The situation in Florida is worst of all. Governor Crist recently signed into law a $66 billion budget which slashed spending across the board, leaving Florida's public education, justice and health care systems in peril. As a recession, coupled with inflation, hits Floridians particularly hard, it is becoming clear that a sales tax on its own cannot possibly come close to adequately funding necessary programs. The cuts to public education amount to a reduction in spending of $130 per child at a time when Florida has the worst drop-out rate in the country. Tuition at community colleges and universities will rise by 6%. These institutions, forced to cut spending, are struggling to attract, recruit and retain valuable faculty members. Payments to hospitals serving the poor will be eliminated. It's predicted that cuts to nursing homes will lead to massive layoffs and shut-downs. Homes for the developmentally disabled will be forced to limit services. The justice system must cope with huge job cuts, with the burden being borne primarily by case-specific divisions such as sex crimes and drug arrests. Increased fees and wait times for justice services will disproportionately affect the poor as well as indigents, battered women and rape victims.
Governor Crist believes that strangling services for the most vulnerable in his state will "maintain the gains that Florida has achieved over the past several years." Would the worst drop-out rate in the nation fall under "gains"? How about the fact that Florida is the only state that does not waive court fees for indigents? Is an exodus of university professors a "gain"? Meanwhile, funds are allocated toward tourism marketing and promotion and economic-development incentives for new industry and film production. Florida can barely afford to educate its children but is more than willing to promote its image for tourists (despite the nationwide recession) and bring in big-time movie productions (which provide only temporary employment and economic benefits).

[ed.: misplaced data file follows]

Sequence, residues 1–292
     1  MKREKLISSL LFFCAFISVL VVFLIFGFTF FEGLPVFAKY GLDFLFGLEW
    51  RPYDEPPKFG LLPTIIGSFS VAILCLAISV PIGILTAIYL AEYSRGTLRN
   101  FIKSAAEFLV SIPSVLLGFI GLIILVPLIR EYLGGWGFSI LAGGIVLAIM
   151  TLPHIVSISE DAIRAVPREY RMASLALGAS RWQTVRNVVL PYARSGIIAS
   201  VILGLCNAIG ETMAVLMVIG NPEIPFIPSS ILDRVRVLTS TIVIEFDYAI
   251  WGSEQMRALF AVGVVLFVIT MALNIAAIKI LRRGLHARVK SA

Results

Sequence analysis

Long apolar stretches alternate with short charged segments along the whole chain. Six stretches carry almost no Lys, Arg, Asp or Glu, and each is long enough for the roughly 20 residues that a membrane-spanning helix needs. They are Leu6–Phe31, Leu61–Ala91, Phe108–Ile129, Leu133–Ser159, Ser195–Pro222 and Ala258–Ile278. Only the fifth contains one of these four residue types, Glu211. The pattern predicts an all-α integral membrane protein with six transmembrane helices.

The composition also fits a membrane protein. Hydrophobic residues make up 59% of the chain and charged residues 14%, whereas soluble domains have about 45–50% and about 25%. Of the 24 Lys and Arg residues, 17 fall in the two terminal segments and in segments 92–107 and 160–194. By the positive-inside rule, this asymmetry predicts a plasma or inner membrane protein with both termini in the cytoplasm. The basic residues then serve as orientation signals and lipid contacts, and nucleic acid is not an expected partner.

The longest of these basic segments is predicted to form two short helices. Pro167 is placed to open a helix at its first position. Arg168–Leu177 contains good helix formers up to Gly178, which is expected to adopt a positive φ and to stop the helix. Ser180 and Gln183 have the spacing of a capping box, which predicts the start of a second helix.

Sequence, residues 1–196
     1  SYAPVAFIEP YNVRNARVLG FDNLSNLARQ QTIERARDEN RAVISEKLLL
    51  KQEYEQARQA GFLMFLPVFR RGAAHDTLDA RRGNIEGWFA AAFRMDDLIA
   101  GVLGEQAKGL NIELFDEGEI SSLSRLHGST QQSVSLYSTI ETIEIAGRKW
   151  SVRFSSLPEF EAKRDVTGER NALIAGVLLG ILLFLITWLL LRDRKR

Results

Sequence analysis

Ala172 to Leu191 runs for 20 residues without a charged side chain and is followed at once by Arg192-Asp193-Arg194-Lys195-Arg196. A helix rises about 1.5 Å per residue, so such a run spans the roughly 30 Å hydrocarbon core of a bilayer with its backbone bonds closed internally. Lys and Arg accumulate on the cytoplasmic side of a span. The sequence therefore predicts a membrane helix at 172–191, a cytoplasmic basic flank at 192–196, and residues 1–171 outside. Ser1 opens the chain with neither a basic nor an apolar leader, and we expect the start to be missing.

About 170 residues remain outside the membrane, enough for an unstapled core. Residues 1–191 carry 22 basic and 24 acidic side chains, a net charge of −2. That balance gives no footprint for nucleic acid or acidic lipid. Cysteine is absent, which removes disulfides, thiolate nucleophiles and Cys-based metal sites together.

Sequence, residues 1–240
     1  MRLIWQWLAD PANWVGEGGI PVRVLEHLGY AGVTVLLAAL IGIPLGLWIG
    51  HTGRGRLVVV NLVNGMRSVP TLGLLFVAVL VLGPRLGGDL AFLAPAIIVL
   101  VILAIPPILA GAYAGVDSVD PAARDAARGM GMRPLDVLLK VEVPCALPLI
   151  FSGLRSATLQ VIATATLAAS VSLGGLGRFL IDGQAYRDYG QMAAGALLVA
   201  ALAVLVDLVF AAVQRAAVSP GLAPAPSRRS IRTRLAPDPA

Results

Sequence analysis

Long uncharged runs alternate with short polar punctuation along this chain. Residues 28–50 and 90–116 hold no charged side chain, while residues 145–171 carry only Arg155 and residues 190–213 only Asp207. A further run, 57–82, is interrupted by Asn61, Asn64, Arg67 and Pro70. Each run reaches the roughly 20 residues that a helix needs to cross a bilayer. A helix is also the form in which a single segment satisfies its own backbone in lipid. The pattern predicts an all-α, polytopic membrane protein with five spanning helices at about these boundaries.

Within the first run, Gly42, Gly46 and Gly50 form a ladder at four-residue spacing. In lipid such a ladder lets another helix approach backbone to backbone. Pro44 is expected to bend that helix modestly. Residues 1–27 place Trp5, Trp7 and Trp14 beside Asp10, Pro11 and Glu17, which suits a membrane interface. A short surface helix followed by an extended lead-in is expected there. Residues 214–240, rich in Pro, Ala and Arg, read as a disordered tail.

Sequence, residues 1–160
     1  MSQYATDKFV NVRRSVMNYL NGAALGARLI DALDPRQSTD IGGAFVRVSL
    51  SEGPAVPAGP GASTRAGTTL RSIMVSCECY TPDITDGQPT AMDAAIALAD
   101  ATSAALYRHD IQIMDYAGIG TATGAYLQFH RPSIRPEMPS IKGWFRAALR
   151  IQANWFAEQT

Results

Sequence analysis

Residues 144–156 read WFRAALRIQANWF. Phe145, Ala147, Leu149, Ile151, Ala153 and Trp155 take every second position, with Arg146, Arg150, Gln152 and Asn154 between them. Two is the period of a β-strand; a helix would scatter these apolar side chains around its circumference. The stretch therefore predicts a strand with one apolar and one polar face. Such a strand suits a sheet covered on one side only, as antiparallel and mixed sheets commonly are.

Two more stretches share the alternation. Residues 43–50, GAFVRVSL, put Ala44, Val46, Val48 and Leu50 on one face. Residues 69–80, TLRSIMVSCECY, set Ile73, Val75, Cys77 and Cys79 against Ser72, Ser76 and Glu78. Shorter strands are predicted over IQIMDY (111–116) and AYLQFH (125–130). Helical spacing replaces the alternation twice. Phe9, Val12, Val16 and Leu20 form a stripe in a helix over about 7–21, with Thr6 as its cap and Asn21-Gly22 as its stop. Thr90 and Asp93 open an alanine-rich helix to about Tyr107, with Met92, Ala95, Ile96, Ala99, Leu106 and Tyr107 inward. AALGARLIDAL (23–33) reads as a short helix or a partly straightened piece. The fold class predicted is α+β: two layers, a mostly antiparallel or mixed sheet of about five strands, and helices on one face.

David Denslow, head of the University of Florida's Bureau of Economic and Demographic Research contends that reducing a state's budget actually amplifies and spreads the effects of a recession. Clearly the preservation of tax breaks for the wealthy and the second most regressive tax system in the nation are also in no way stimulating the economy. Florida's lack of an income tax has actually worsened its situation under the current economic conditions. Rhode Island and New Jersey lawmakers, beaming with pride over their recent "tax-free" budget agreements, should take careful notice of Florida's crisis and avoid making the same "gains."